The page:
Charles Koch’s public message represents rhetorical spin at its flimsiest

Why are the Koch brothers so misunderstood?

This seemed to be the impetus for an op-ed piece the other day that billionaire businessman Charles G. Koch, who helped build his family fortune in Wichita, wrote for The Wall Street Journal. You could almost hear him weep.

The defenders of liberty, prosperity and the American way, Koch and his brother, David, are subject to “almost daily” barrages of “character assassination.” What kind of treatment is that, Koch wonders, for people who are devoted to improving the lives of citizens? We are environmentalists, too, he contended. “Our refineries have consistently ranked among the best in the nation for low per-barrel emissions,” he wrote of the Koch oil and gas empire’s record.

And, as for politics and government regulation: “Far from trying to rig the system, I have spent decades opposing cronyism and all political favors, including mandates, subsidies and protective tariffs — even when we benefit from them.” (And benefit they do, despite his protestations.)

Koch’s public message is rhetorical spin at its flimsiest.

His main argument hinges on these two points, contained in the same paragraph of his creed (rhymes with screed): “A truly free society is based on a vision of respect for people and what they value…. The central belief and fatal conceit of the current administration is that you are incapable of running your own life, but those in power are capable of running it for you.”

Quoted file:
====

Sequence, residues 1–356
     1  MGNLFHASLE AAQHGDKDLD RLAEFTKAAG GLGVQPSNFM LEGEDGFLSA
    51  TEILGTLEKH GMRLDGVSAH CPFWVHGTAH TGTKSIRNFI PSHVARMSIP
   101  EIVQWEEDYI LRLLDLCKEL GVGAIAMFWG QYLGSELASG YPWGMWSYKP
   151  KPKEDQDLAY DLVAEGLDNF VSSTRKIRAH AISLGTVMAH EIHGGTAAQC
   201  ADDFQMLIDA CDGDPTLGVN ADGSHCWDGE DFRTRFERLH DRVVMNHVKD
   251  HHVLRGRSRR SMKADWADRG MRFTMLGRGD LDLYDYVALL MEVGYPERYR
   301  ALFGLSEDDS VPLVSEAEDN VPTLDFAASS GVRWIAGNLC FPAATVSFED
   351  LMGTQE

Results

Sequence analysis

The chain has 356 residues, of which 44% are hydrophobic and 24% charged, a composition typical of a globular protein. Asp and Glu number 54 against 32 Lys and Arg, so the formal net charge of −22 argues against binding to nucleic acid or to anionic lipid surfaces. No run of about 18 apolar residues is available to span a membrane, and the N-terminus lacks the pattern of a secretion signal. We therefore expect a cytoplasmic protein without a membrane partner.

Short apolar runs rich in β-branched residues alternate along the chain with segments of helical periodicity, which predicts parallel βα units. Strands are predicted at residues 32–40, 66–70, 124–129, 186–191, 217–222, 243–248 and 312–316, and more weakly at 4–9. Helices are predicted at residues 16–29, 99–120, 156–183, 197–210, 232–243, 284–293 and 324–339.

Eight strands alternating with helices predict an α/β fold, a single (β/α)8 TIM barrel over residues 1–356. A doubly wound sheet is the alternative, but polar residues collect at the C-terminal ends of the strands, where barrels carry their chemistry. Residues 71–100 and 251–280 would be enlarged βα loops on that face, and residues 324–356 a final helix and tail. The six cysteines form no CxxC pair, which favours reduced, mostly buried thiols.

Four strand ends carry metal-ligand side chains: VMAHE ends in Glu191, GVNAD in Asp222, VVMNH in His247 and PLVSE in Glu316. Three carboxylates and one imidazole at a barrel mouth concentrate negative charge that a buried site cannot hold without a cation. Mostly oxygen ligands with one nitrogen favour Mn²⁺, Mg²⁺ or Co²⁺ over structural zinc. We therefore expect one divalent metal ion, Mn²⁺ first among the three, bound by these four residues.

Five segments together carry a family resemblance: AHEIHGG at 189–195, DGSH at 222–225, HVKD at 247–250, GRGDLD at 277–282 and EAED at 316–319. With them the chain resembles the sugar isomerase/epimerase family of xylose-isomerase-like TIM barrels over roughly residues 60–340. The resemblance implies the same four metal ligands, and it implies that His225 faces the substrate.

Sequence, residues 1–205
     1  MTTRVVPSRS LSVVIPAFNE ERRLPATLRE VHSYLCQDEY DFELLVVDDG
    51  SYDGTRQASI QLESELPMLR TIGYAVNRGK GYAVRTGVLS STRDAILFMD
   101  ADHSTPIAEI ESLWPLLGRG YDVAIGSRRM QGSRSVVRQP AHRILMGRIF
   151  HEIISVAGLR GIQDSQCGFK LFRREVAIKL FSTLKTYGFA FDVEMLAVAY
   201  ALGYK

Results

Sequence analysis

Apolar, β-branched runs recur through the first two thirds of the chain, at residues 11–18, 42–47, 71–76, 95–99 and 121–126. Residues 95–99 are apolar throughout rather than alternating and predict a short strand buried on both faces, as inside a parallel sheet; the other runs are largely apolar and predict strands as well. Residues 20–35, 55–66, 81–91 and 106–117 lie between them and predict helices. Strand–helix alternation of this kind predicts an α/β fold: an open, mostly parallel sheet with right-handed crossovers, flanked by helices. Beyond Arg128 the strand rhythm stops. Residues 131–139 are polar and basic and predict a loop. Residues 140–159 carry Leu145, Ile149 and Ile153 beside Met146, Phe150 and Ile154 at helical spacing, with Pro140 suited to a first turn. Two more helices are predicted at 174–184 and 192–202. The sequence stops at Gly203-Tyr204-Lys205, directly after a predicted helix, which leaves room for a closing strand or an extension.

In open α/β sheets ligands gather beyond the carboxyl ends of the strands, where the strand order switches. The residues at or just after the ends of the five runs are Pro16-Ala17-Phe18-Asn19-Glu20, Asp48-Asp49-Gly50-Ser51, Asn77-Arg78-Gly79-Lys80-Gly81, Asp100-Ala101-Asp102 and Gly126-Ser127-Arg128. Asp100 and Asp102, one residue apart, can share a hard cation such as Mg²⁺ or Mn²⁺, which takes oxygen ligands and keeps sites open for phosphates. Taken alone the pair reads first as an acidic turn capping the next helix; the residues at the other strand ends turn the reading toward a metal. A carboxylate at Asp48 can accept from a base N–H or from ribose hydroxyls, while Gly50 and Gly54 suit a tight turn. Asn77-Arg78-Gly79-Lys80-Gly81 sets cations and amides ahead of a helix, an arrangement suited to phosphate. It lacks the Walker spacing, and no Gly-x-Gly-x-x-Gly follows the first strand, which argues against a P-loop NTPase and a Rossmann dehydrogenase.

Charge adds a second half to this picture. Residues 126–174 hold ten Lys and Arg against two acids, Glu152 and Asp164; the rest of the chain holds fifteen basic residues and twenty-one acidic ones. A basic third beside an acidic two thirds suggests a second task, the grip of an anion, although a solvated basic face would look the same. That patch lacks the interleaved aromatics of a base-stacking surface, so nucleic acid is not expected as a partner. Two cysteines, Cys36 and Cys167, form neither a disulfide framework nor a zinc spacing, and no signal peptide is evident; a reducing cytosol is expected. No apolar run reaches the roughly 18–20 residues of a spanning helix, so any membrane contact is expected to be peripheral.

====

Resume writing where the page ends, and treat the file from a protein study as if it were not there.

Koch dismisses those who disagree with him politically as “collectivists.” This is the same kind of name-calling he complains that the other side does. It has little to do with respecting “people and what they value.”

The subtext of Koch’s analysis is that he and his brother ought to be free to run their vast pipeline, fossil-fuels and other businesses without restraint.

What he declines to recognize is the idea that government can serve to protect citizens from the wanton, unregulated forces of corporate actions that spew toxic materials into our air and water, limit the economic power of American people and otherwise endanger our daily lives.

In Koch’s libertarian world, we should not care about the fate of the 2.8 million Americans whose longterm unemployment benefits have been cut off and who will get no help from his liberty-saving friends in Congress. They apparently are the hapless, incapable economic victims of a “truly free society.”

How is manipulating state and local governments across the land — plus national political campaigns — not an attempt “to rig the system”? The Roberts court just gave the Kochs a green light to pour even more of their money into that rigged process of campaign financing.

The Koch-funded Americans for Prosperity, like its big-business, social-conservative ally, the American Legislative Exchange Council, is spreading a web of backward-looking legislation that has little to do with liberty and much to do with inciting a social and cultural assault on those who may or may not hold different views than they do.